Bringing this back to my preferred frame of reference, this scenario reminds me of playing Monopoly with my siblings when I was younger. With two sisters, four of them six years my junior, my older brother and I could easily change the rules of the game without them noticing. And so we did.

Unfair advantages will more often than not be put into motion, unless the resistance is too strong to pursue. Due to the veto-rule, however, I find any attempt to challenge these structures seemingly as dead-ended as my poor sisters’ attempts to win our rigged Monopoly games.

Credit: Pixabay.com

Three quarters of a century later: here’s where we stand

Following Cold War tensions, post-World War II decolonisation, and a multitude of global humanitarian crises, the volume and nature of issues confronting the UN has increased drastically over the years. So has the number of member states, with 193 countries having signed the peace-loving charter as of today.

Considering this big number of member states, battling a diverse range of internal and external social, economic and humanitarian issues, there is, again, a gap between the aspirations of the UN and reality itself. 

Each member should, in principle, hold equal sovereignty within the organisation. However, looking at the state of the world, there is plenty of room for scrutiny as to how effective it is at implementing this ideal.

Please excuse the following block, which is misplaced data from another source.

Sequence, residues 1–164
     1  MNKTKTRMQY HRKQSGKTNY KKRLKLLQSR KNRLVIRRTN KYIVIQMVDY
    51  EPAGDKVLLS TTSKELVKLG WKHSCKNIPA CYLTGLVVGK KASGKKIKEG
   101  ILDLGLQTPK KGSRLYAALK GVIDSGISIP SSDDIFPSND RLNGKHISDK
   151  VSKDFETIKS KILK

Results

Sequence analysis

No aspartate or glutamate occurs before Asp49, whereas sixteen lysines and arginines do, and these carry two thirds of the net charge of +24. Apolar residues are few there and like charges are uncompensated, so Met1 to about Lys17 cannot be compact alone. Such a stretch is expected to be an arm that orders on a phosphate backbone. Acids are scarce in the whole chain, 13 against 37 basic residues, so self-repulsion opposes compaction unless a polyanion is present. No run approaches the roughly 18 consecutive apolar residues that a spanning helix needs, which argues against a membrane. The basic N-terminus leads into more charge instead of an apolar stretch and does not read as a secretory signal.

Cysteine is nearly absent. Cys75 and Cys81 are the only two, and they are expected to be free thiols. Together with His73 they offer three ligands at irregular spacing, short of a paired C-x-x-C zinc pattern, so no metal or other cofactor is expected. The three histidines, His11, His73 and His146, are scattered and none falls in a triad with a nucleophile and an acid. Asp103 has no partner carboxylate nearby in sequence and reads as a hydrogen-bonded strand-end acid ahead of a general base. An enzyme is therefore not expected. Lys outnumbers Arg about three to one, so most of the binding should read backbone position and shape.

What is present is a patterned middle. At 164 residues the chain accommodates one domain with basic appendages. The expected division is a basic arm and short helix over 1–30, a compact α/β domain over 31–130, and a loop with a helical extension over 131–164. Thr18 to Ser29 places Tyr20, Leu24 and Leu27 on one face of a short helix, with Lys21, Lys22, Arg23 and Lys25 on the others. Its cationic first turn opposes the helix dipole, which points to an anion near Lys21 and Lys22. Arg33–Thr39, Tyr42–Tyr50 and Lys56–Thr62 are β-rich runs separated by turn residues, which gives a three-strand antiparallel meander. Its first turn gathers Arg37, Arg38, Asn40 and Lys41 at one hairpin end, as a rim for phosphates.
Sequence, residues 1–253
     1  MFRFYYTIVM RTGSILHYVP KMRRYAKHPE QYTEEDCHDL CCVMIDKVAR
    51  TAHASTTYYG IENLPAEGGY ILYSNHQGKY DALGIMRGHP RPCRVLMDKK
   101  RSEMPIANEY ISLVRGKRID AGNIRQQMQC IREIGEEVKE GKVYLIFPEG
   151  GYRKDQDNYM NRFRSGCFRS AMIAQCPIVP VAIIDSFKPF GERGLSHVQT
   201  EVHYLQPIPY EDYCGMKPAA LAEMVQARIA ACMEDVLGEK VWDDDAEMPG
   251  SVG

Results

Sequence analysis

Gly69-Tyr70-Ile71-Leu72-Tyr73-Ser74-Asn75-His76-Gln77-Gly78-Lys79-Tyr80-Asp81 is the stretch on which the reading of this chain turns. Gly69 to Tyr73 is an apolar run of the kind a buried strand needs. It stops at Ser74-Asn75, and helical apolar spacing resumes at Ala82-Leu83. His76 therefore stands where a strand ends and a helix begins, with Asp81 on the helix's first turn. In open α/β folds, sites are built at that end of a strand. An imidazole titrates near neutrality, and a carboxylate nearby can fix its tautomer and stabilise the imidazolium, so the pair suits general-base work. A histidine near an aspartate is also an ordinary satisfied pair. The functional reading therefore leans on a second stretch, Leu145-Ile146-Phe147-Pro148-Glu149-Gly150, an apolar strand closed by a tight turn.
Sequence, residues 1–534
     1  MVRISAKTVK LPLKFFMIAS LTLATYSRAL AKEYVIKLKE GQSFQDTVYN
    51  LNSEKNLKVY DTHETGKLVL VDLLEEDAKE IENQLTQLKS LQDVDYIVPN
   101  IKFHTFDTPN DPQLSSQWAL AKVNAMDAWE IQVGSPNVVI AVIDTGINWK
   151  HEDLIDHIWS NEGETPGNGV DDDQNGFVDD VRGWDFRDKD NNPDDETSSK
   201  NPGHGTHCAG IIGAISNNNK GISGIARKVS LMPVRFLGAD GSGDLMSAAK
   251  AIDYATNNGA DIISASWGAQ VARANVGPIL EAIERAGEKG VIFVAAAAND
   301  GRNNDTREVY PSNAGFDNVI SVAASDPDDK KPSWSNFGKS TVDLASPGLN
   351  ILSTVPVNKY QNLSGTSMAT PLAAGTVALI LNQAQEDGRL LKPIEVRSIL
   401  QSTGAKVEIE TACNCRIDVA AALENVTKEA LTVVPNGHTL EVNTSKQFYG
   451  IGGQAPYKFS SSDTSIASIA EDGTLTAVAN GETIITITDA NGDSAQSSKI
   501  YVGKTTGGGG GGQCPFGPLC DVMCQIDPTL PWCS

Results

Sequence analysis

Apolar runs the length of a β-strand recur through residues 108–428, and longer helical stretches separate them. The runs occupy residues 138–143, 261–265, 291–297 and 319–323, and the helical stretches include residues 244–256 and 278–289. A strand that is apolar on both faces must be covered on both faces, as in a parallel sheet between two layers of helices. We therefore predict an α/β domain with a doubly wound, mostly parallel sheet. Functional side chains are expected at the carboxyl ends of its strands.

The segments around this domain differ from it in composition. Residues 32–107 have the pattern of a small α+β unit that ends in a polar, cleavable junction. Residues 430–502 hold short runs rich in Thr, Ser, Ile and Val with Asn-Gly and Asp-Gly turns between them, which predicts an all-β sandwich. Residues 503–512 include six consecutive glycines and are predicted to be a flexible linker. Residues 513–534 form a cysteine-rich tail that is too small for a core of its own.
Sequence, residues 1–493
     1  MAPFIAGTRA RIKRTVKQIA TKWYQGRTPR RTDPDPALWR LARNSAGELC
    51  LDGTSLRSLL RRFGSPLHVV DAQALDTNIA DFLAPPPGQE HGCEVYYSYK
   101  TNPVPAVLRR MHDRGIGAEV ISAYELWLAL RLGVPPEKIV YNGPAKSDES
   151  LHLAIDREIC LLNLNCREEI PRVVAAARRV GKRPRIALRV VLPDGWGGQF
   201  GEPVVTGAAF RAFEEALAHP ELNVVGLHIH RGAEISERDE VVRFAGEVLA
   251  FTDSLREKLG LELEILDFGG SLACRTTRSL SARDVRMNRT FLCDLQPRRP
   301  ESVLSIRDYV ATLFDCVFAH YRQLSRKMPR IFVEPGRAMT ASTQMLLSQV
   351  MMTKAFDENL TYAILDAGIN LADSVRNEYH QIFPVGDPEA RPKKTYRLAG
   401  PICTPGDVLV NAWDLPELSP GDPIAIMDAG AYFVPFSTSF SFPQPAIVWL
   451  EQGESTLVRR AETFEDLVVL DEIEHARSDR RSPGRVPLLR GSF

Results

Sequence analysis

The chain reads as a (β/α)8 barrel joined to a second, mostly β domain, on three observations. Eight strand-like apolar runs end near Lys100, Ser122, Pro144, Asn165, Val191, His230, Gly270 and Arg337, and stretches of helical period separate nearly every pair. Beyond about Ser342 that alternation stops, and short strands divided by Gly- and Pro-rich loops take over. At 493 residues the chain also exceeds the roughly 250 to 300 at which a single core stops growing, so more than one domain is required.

Credit: Pixabay.com

Essential in all its flaws

On the other hand, the sheer number of members also signals the necessity and demand for such an organisation to exist. It can also be used as an explanation as to why things take such long time to change: the more the merrier – but also slower, as we can all relate to. 

(Especially if you’ve ever gone on holiday with a big group of people. Actually, if you’ve ever done anything as a big group of people. Even food orders become a battleground. Again, large-family people will get it).

To counter to the critics, the UN has also achieved plenty of wonderous things during its time in operation: the set-up of the World Health Organization; the World Bank; the UN’s Educational, Scientific, and Cultural Organization; and plenty of other positive causes. 

Credit: Pixabay.com

So, to conclude this semi-essay-like crash course on the UN, its familiar, family-like structure, and its partly questionable, partly progressive workings: peace-work is not simple but vital, there is corruption even within the most diplomatic of causes, and the world is full of greys. 

I’ll sign off with a cheesy Michelangelo quote, channelling the energy of ‘notoriously long’ presidential speeches held at the yearly UN General Assemblies:

“The greater danger for most of us lies not in setting our aim too high and falling short; but in setting our aim too low, and achieving our mark.”

Feature image credit:  Angela Bedürftig from Pixabay